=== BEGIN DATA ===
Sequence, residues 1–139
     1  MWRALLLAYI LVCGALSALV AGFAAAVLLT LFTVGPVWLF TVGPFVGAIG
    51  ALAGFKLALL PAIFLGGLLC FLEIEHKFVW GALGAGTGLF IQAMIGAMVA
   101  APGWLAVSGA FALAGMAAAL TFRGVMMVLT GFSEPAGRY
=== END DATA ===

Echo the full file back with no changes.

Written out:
Sequence, residues 1–139
     1  MWRALLLAYI LVCGALSALV AGFAAAVLLT LFTVGPVWLF TVGPFVGAIG
    51  ALAGFKLALL PAIFLGGLLC FLEIEHKFVW GALGAGTGLF IQAMIGAMVA
   101  APGWLAVSGA FALAGMAAAL TFRGVMMVLT GFSEPAGRY